Want to ride an electric scooter? You’ll need a driving license
Electric scooter trials are due to begin in cities throughout the UK very soon, but the rules will be pretty strict, requiring all drivers to own a driving license, and not everyone is happy about the idea of rented two-wheelers on the streets at all.
The government classes electric scooters as “active travel”, along with walking and cycling, and in May announced that it was moving the date of planned trial schemes forward from 2021 to 2020 to help encourage people to choose greener, healthier transport options as we emerge from coronavirus lockdown.
The proposed rules for riders would limit scooters to roads and cycle lanes, and require at least a provisional driving license. This would restrict their use to people aged 16 and over. Helmets would be recommended, too.
While about 20 local authorities have put their names forward for the trials, not everyone has welcomed the idea, and as Forbes reports, the Parliamentary Advisory Committee for Transport Safety (PACTS) has taken a particularly dim view of the government’s plans.
PACTS is an informal cross-party group dedicated to examining transport safety, made up of members of the House of Commons and House of Lords. It doesn’t have official government status, but is a way of bringing together people particularly interested in the topic.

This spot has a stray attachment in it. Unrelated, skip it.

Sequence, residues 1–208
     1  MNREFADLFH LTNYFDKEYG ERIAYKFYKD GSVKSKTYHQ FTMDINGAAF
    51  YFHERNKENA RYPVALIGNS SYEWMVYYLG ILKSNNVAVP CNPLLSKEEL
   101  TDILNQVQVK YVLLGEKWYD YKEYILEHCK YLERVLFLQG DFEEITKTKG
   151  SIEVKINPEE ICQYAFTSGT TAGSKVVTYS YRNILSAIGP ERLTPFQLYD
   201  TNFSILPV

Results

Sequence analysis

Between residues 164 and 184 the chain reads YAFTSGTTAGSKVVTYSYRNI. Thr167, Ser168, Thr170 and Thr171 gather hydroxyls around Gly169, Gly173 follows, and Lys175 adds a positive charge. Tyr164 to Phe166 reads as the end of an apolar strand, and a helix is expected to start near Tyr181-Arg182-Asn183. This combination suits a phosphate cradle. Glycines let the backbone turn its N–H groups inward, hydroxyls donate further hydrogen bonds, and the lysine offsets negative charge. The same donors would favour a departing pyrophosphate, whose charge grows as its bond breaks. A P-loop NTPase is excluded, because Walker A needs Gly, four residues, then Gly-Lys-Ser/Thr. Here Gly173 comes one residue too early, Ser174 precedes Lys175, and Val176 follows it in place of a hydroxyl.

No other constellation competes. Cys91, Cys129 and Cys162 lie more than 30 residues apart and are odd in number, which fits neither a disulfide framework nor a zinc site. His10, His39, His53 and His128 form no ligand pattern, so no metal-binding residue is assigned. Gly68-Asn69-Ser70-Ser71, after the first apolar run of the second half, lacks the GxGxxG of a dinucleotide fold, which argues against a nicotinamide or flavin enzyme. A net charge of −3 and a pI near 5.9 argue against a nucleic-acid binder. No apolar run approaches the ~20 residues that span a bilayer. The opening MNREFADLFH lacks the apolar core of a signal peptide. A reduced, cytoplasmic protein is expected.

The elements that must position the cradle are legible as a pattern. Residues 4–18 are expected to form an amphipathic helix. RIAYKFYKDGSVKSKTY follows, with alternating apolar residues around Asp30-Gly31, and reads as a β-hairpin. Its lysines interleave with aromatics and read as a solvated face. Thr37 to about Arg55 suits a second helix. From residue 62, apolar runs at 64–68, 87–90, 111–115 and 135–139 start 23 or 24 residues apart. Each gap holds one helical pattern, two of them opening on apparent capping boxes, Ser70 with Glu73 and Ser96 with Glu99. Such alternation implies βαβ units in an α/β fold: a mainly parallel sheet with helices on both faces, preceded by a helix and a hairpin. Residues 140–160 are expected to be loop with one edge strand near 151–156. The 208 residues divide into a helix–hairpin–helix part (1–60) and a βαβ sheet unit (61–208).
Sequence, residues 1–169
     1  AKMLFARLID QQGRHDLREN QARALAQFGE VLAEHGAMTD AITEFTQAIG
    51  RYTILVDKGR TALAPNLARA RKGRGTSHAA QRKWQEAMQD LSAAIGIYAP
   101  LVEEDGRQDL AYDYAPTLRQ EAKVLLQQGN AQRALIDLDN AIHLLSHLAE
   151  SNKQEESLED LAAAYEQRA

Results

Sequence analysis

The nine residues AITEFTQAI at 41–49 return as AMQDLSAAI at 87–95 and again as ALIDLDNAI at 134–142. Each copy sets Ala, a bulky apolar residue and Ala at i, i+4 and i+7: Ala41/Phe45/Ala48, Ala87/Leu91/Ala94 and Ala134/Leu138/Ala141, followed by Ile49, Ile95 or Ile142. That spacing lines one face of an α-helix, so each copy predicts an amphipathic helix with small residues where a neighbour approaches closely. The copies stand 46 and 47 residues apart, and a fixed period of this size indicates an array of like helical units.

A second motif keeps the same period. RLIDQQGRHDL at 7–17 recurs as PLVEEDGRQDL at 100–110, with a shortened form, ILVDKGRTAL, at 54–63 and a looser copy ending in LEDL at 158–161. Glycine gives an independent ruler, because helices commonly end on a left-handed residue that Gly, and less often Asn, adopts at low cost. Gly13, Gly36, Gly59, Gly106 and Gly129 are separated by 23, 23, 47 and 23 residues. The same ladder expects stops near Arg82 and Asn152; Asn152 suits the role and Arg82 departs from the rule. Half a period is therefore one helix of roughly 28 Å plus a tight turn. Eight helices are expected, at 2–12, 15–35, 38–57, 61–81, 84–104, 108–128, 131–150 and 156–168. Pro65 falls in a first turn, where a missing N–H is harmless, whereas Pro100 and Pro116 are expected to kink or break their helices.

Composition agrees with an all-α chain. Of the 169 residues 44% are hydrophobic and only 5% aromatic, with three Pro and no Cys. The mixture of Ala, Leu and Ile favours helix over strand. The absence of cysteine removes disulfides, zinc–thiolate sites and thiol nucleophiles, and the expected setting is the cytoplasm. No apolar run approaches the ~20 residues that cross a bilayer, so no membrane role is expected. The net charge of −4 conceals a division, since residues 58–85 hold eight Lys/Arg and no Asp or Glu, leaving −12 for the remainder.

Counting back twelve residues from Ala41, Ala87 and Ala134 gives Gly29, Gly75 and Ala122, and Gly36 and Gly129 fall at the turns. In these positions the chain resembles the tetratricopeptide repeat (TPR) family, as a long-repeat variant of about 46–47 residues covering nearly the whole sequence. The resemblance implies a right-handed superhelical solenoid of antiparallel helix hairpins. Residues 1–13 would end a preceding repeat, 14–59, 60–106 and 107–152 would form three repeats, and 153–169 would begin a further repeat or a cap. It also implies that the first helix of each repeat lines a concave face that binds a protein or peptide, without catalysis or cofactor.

One of PACTS’ main problems with the planned hire schemes is that members of the public will see them as an opportunity to start riding their own scooters as well, which would throw off the results of the trials.
The government’s current proposals would limit rented e-scooters to a maximum speed of 12.5mph, a maximum weight of 35kg, and only two wheels, but many electric scooters currently on sale don’t fit those limitations. The Xiaomi M365 (one of the world’s most popular electric scooters) has a top speed of 15mph.
The final scheme may increase this limit to 15.5mph, but this would still be below the top speed of many commercially available scooters. For example, the Inokim Light 2 can reach 21mph.
The trials are also intended to limit the number of scooters in use within a particular area, which would be skewed by private ownership.
How active is ‘active’?
PACTS’ statement goes on to make the point that riding an electric scooter basically involves pushing off with one foot, then standing still and using a throttle to control speed, which is far less ‘active’ than walking, cycling, or using an electric bike (which under current laws must be pedal-assisted).
“In addition, e-scooters are a hazard for pedestrians,” the group says. “E-scooters are often used on the footway (pavement) and in other pedestrian areas – legally in some countries, illegally in others. We see this already in the UK, despite their illegality here.”
Full details of the government’s framework for electric scooter trials are due to be announced at the end of this month, and it will be interesting to see whether these address any of PACTS’ concerns. We’ll keep you updated once we know more.